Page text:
- Solana released a preliminary report on the network disruption that happened last week.
- According to the Solana Foundation, a flood of transactions driven by bots was “in effect, a denial of service attack.”
Solana encountered a major roadblock last week when its blockchain network remained unavailable for more than 17 hours starting on September 14, after weeks of increasing momentum during which the price of its coin more than fivefold in value. The Solana Foundation released an initial autopsy of the incident today, shedding additional light on the core reason.
The root cause of the network stall was a denial of service attack. No funds were lost in the attack and the network went live again in 24 hours.
Raydium, Solana-based decentralised finance (DeFi) system, launched an initial decentralised exchange (DEX) offering, or IDO.
An IDO, or initial coin offering, is a type of token launch that takes place on a DEX rather than a centralised exchange (ICO). Grape Protocol, a frequently used Solana toolkit for DeFi developers, was the IDO in this case. Bots were evidently attempting to elbow their way to the top of the token offering by flooding the network with transactions.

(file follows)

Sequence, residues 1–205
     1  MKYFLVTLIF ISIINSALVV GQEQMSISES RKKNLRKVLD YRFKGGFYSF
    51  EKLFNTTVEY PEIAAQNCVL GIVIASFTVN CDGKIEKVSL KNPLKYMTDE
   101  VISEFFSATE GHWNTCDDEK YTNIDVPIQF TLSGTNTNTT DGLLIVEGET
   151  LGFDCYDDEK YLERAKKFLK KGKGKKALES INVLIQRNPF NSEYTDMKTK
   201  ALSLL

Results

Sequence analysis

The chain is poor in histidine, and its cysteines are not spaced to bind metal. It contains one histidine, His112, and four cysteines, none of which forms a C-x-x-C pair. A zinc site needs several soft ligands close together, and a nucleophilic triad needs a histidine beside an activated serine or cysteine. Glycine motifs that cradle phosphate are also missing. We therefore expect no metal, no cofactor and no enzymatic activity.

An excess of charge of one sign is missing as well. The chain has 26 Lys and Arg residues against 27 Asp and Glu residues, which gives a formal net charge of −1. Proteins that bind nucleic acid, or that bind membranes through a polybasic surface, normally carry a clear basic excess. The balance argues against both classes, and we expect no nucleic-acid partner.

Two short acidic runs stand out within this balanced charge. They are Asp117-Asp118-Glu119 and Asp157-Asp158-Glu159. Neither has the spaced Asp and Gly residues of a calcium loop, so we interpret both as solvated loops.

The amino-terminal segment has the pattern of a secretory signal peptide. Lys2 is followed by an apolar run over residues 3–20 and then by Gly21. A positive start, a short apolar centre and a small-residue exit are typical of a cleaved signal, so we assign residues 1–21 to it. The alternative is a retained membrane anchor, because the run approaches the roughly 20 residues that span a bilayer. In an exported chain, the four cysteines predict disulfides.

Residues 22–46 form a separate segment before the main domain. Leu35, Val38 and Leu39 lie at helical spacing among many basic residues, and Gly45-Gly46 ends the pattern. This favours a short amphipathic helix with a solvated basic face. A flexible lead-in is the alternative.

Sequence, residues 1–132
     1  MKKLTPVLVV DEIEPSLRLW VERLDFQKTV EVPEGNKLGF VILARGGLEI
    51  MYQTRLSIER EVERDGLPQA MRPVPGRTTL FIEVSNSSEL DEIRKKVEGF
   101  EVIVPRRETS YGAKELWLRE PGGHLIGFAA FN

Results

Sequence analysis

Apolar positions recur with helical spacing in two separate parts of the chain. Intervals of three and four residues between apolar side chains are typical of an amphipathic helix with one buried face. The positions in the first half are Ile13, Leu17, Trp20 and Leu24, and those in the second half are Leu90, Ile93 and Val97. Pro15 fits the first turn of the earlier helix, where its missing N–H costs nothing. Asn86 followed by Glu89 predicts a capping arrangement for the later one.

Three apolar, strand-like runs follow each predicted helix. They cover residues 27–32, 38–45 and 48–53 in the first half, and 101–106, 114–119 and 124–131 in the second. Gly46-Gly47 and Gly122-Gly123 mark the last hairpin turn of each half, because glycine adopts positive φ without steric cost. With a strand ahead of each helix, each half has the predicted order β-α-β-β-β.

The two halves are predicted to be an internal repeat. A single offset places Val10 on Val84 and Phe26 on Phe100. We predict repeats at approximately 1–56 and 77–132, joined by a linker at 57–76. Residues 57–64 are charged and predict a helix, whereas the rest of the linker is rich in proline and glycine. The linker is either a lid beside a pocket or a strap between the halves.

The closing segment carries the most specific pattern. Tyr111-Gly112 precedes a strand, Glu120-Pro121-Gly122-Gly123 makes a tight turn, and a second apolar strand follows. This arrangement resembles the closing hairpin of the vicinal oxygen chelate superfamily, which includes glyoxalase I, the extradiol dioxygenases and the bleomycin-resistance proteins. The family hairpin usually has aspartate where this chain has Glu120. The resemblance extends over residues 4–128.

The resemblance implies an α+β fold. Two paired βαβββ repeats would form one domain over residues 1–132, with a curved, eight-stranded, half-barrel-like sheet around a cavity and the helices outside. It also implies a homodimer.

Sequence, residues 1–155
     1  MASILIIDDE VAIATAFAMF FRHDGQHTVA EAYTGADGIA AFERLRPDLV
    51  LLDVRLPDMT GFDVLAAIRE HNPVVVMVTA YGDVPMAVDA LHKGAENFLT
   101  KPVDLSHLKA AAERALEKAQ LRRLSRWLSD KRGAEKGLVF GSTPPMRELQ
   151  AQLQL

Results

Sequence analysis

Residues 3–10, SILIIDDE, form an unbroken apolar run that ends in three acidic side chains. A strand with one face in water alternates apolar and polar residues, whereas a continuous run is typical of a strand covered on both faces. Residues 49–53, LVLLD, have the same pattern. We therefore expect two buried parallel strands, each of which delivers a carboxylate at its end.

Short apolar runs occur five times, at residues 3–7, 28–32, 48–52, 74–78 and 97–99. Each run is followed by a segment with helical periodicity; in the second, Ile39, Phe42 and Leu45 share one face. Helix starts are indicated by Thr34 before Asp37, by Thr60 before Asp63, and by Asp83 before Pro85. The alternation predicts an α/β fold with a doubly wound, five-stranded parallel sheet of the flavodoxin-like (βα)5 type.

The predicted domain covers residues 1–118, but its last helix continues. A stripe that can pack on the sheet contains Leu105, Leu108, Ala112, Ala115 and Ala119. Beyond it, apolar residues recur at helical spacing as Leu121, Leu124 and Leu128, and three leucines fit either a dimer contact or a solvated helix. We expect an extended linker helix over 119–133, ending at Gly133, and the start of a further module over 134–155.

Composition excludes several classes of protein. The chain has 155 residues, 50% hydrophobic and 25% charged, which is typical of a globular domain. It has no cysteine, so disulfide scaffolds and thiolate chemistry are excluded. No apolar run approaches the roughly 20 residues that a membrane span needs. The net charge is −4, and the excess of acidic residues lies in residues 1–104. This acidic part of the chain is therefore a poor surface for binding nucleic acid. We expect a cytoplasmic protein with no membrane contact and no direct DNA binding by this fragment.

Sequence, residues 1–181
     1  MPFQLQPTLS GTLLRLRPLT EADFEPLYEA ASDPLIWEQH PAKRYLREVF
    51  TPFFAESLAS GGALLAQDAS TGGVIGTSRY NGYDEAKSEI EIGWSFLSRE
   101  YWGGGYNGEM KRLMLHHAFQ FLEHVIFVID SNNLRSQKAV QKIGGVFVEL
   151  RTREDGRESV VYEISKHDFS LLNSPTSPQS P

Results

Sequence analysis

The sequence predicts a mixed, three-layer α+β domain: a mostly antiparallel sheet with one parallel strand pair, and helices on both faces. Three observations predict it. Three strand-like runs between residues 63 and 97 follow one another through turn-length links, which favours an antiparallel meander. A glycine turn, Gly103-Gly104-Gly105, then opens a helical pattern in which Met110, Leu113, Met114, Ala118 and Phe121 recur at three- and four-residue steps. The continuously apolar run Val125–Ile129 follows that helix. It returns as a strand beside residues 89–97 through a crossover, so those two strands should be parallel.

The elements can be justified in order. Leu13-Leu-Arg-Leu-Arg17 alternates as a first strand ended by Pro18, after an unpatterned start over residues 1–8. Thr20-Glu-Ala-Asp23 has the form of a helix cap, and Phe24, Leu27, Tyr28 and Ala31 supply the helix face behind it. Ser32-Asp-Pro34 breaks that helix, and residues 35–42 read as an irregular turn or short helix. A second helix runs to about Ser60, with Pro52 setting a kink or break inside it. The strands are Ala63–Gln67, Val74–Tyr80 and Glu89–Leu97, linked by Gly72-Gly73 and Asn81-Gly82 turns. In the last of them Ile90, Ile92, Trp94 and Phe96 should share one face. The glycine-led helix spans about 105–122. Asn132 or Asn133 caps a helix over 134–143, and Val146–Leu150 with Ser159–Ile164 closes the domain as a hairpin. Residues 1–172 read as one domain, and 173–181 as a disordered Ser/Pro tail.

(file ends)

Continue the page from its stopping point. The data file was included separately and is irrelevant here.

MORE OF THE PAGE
The majority of the information in the initial overview report confirms what was tweeted last week, either by Solana’s official Twitter accounts or by Solana Labs CEO Anatoly Yakavenko’s personal account. The network was essentially swamped by a rush of incoming transactions, which the Foundation estimated to be up to 400,000 per second.
The transactions overloaded the Solana network’s distributed nodes and caused some to crash due to the high memory use. When the network couldn’t agree on the present state of the blockchain, it stopped producing blocks. Last week, Solana ascribed the disruption to “resource weariness.”
The network’s validators eventually decided to update and restart the network, resulting in a hard fork from the most recent confirmed block. According to Solana’s report, it took 14 hours to organise the restart effort across the needed 80% of validators, update the nodes, and get the network back up and running.
With community assistance, the Solana Foundation hopes to issue a more detailed technical postmortem in the coming weeks.